Here's Where the Rainbow Ends: Moments from the Road

There are so many experiences and memories I’ve made from ‘getting on the bus,’ and traveling with Dead & Company across the United States. From the people I’ve met, to the marvelous skylines of America’s cities, to the bountiful views I was offered at every twist and turn. Every city brought forth new ideas, new means, and ways, new approaches to the common life I had been living. A single summer produced so many memories that I often do not remember until triggered by the fruits of conversation, but one, in particular, stands out, and it truly ushered in a new meaning of magic for me that was only possible by the Dead’s music.
 
It was 6/20/2017, at the Saratoga Performing Arts Center (SPAC) up in the countryside of New York. We had spent some time recently up in Maine to visit some family and were headed down now to our next endeavor. The grounds were beautiful, being of former bathhouses, and seemed more like we were on a university campus than a venue. We spent some time throughout the day, roasting bones and walking around shakedown. But that’s not what I want to highlight in this piece. That’s for another day.
 
The whole day, it had been raining on and off. But it was that odd tolerable rain, where it didn’t come pouring down, but only intermittent drizzles here and there. It was cool, refreshing, and a welcome treat as we had just come from the west coast where rain is an afterthought and a rarity. It was nice to be blessed by mother nature’s gifts as we made our way into the show.
 
We had all been anticipating it. We all knew it was going to happen. There it was. A ‘Looks Like Rain,’ fifth song into the set. It had stopped raining for a bit, but as soon as Bobby broke into this number, the skies also broke with rain, with shouts and yells of the odd magic Bobby was conjuring upon us. You know how they say Bob Weir controls the weather? It was happening right before our eyes. As they continued through the song, it didn't stop. The rain kept coming down and down, but it was so pleasant. The music provided shelter from the rain, his voice shielding us from the common malpresence that we often associate with rain. It was cool, wonderful, and for me, a magical moment that I had not been blessed with in a long time at a show. Sure enough, as soon as Bobby stopped singing, as soon as they turned into the next song, the rain stopped. Was he controlling the weather? How did he know when to stop? It was so natural, so odd, and yet, so enthralling. I could care less that I was getting soaked. The moment had come before the experience. But the moment was only beginning, and I had no clue how Bobby really controlled the weather.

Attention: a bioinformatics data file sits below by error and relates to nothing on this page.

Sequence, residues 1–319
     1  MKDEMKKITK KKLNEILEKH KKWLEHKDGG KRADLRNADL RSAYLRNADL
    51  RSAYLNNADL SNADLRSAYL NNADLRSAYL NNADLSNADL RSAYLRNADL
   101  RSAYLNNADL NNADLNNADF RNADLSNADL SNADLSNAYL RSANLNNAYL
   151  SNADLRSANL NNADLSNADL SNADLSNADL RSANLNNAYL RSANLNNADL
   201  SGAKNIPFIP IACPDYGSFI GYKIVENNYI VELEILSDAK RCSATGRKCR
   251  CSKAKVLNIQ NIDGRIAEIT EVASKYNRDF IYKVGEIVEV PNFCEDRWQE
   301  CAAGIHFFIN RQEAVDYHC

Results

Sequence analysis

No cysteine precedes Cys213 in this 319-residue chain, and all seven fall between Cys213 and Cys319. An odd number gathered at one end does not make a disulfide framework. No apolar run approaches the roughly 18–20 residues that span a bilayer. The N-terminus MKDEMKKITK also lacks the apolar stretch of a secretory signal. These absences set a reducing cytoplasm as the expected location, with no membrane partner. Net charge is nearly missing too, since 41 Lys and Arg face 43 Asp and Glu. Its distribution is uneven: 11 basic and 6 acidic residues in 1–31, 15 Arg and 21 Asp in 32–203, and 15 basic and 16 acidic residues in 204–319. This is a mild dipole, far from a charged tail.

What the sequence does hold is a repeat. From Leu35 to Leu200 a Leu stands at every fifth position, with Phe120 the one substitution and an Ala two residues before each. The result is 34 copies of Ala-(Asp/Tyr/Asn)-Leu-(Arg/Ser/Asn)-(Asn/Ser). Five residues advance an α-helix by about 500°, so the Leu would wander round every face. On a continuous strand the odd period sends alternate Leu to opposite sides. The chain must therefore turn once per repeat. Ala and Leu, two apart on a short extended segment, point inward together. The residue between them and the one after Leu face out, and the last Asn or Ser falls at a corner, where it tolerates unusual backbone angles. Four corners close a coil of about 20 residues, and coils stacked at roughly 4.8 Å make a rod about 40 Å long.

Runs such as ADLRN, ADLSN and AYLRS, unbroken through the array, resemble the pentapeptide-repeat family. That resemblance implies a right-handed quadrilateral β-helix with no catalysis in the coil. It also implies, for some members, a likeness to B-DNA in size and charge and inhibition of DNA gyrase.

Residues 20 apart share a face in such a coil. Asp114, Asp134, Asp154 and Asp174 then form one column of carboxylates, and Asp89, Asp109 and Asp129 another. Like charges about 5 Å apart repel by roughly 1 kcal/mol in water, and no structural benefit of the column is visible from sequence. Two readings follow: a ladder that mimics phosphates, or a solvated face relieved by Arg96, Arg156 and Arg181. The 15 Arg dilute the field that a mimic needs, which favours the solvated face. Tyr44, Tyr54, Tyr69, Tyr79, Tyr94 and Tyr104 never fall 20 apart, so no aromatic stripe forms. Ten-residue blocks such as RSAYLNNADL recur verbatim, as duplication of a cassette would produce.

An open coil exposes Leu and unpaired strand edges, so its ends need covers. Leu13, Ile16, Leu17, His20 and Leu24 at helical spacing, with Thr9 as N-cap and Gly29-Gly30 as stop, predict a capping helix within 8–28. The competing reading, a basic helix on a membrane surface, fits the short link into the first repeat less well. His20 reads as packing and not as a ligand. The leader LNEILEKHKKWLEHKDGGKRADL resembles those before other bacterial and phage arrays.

We danced our way through the rest of the set, with the rain coming down here and there, but only in sprinkles as opposed to the small little pour we got during ‘Looks Like Rain.’ We danced through the ‘Dire Wolf’ that came shortly after, but we were in for a real treat now. ‘Lost Sailor > Saint’ is usually a second set song, but they busted it out, right here and then. At the end of ‘Looks Like Rain,’ a beautiful double rainbow graced the skies above us, producing a fairytale-esque landscape around us. The rain was still coming down, but the clouds were beginning to break, and have mercy on us. The boys blew past ‘Lost Sailor,’ and into ‘Saint of Circumstance’ quickly. Sure enough, the rain was fallin’ down now, but in the next verse, when Bobby sings ‘Got to be heaven, cause this is where the rainbow ends,’ we looked up, and the rainbow was gone. Could Bobby see the rainbow? The pavilion at SPAC prevents a lot of view from the inside out, so there was no way he could. How did he know the rainbow was gone at that moment? It was so odd. The rainbow had disappeared just as ‘Saint’ was starting up, and this line up of events was so odd. I could only really describe it as magic. There was no other word for it. He really did control the weather.
 
There are so many stories I could write about the things I saw in my travels, but this one stuck out. I’ve been to a variety of concerts, whether they were metal, folk, bluegrass, rap, rock, and so on. I’ve experienced love, I’ve experienced boogying, I’ve experienced a newfound respect for musicians at all these shows, but never have I experienced the magic. This show really stood out for that moment. Magic; it’s something that you’ll only find at a Dead show.
 
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